The great news about being a caregiver for your elderly parent is that people are living longer and longer, and most likely, you will have many years of time with your parent, not only giving care but creating wonderful memories together. With more people living longer, though, the chances of your parent developing one or more chronic conditions is likely. As your parent ages, there are some fairly common conditions and diseases that will either strike him or the people he knows. Having an awareness of these conditions will help you navigate the next steps needed if your parent starts displaying symptoms. Most conditions can be managed best when caught and treated early in the onset.
- Arthritis. Arthritis is one of the most common ailments seniors over the age of 65 deal with. For some, it can lead to daily pain which affects their quality of life. Your parent may find he needs to make adjustments to the way he performs tasks, or he may need assistive devices for some tasks. Having a good home care provider who can help with tasks that he can no longer do will help ensure his quality of life is maintained.
- Heart Disease. Heart disease affects about 1/3 of adults over the age of 65, usually due to other risk factors in their lives such as high blood pressure and high cholesterol. To help your parent either manage his heart disease or prevent the onset of it, standard practices of eating well, exercising regularly, and getting a good night’s rest will all benefit him. This is another area a home care professional can provide support by taking your parent out for daily walks or helping him prepare healthy meals.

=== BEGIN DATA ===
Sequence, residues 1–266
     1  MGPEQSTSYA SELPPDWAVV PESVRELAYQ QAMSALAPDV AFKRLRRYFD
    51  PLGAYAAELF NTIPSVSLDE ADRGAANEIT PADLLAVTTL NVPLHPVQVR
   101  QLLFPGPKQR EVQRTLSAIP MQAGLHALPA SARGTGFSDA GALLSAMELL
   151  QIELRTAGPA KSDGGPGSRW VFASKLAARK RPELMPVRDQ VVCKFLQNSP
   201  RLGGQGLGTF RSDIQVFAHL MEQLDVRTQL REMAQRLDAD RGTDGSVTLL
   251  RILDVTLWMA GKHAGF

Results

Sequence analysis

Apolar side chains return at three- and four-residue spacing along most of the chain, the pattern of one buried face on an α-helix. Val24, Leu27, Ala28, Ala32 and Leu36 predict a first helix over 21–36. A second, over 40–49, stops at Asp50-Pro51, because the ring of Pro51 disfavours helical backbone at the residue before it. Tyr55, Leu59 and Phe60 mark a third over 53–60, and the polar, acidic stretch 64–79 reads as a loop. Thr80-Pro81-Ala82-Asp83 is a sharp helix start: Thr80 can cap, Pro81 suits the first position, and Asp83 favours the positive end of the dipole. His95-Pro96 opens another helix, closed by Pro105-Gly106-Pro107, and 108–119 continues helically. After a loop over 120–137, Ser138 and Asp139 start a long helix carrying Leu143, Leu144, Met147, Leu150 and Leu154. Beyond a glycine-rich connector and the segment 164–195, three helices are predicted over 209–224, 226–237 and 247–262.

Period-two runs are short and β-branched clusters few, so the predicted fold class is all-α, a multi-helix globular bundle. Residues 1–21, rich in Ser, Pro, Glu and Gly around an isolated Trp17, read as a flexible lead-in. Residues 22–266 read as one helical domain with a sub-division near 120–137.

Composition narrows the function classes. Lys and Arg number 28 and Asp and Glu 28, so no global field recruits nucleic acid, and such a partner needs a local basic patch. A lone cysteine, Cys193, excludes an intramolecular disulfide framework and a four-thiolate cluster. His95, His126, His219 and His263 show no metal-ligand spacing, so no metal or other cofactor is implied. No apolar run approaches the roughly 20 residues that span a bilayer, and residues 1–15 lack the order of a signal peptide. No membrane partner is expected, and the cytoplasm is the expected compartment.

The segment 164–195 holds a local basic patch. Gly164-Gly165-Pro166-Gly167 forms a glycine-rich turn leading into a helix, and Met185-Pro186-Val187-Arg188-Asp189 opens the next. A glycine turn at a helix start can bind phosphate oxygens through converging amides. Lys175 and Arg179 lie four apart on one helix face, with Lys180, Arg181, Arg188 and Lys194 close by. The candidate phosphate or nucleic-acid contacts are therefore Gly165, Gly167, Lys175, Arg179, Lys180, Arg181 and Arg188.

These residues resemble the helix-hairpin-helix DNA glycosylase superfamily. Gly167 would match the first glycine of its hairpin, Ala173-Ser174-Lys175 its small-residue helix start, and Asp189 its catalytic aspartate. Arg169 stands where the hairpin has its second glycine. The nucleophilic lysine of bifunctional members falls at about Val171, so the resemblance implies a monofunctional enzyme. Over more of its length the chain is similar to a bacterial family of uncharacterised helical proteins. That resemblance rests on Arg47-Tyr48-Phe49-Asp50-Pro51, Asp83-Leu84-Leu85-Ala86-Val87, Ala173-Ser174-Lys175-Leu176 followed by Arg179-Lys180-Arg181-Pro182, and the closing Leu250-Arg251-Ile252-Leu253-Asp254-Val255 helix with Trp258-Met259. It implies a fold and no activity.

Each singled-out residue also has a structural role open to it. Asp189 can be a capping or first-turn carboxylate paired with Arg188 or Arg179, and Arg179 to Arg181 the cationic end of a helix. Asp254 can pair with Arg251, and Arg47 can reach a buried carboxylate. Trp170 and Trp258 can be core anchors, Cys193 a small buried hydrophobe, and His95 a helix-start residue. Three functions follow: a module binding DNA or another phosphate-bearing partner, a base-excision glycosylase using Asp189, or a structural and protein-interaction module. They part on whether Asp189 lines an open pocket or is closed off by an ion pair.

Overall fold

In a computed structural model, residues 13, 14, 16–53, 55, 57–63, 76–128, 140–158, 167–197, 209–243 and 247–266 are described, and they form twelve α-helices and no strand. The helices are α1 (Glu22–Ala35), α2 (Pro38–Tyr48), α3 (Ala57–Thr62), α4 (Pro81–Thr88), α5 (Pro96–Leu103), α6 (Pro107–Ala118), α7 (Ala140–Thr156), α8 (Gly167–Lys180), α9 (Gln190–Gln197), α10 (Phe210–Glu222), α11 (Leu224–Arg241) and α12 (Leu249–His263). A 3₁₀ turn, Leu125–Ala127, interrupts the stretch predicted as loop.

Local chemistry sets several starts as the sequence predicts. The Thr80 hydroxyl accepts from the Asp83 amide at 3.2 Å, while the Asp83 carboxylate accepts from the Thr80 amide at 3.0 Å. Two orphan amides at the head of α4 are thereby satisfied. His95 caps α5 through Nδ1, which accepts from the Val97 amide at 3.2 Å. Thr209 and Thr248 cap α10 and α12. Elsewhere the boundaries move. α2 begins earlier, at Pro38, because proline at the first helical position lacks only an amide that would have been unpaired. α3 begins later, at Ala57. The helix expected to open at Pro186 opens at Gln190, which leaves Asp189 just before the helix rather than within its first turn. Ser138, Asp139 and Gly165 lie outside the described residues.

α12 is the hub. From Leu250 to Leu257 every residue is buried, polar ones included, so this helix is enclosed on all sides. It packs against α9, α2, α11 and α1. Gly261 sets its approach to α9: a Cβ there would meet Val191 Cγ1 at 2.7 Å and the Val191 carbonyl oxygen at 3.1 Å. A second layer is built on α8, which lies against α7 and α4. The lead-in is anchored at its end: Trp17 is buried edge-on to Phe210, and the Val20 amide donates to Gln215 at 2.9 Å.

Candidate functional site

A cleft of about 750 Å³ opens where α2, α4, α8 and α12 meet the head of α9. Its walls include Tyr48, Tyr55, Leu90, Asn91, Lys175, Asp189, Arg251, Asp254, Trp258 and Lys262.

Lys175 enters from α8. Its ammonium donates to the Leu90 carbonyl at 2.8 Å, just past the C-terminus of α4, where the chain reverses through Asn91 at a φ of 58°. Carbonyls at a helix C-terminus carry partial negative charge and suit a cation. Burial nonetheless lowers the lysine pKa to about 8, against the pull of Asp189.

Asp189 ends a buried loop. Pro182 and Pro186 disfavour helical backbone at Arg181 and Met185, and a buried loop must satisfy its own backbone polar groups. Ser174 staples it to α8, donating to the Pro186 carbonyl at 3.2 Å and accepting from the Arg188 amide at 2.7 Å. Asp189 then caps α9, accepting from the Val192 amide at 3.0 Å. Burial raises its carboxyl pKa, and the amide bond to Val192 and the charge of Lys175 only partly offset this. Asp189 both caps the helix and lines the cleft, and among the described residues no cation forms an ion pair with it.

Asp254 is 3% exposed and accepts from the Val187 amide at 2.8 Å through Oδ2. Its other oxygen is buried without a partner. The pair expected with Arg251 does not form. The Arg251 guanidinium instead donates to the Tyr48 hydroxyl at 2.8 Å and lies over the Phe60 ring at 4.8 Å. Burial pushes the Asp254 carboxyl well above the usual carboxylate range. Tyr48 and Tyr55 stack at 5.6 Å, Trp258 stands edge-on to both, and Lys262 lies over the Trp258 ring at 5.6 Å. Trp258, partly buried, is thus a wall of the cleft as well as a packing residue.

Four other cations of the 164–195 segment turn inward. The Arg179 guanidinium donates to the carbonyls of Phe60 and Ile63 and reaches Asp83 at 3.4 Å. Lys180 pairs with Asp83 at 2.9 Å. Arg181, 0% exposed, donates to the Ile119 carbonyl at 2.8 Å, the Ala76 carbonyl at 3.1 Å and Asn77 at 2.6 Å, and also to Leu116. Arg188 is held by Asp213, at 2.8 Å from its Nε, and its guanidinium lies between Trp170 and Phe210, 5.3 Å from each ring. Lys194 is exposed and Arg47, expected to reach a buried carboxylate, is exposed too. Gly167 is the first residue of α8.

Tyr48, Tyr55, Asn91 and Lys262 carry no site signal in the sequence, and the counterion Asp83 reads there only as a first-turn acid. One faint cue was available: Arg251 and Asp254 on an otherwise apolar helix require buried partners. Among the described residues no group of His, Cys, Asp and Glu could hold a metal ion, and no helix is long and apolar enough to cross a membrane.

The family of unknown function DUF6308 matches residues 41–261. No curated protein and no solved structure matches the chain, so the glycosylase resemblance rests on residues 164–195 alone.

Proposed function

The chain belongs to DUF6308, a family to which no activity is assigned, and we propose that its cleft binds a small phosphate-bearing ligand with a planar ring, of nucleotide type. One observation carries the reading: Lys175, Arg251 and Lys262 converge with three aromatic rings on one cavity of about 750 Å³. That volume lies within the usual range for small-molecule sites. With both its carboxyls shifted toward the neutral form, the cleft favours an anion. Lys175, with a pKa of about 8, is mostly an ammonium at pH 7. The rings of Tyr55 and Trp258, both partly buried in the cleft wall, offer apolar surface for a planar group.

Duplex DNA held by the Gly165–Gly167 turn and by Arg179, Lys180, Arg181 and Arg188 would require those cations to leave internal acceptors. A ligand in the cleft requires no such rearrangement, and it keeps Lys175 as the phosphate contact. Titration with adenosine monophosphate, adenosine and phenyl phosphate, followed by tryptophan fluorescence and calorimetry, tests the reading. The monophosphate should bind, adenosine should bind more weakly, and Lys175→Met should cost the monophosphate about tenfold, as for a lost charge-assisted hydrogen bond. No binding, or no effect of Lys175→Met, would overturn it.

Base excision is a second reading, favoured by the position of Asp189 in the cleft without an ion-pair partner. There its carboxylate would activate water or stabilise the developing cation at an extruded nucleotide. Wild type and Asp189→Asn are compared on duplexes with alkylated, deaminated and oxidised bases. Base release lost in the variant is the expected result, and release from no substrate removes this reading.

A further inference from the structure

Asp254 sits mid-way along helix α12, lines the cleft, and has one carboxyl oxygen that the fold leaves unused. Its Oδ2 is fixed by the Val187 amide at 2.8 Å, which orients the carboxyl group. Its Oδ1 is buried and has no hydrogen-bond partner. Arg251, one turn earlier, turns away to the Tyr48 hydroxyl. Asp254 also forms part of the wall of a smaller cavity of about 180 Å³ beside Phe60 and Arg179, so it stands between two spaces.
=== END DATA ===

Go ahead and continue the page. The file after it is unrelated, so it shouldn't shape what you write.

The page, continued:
- Cancer. Cancer is the second leading cause of death in the elderly. Knowing your family history, your parent’s risk factors, and the early symptoms of cancer can help you get your parent diagnosed early in his disease if he gets it. An early diagnosis of cancer is much more likely to have positive results from treatment.
- Diabetes. Diabetes can contribute to many other health complications so preventing it completely or catching it early on will help ensure your parent is not extremely negatively impacted by a diabetes diagnosis. Many of the prevention steps for other diseases such as heart disease will also help your parent avoid getting diabetes. Eating a healthy diet, getting at least 30 minutes of exercise a day, and keeping a healthy weight will all help prevent the onset of diabetes.
- Alzheimer’s. Often the most feared disease for seniors, this condition affects a little over 10 percent of those older than 65. While not as prevalent as many other conditions or diseases, its side effects are not curable and can take away a person’s independence and ability to enjoy a high quality of life.
As you care for your parent, there’s no guarantee of what you’ll have to battle together. Having you as a caregiver should provide your parent with the knowledge that whatever he may have to go through, he won’t go through it alone.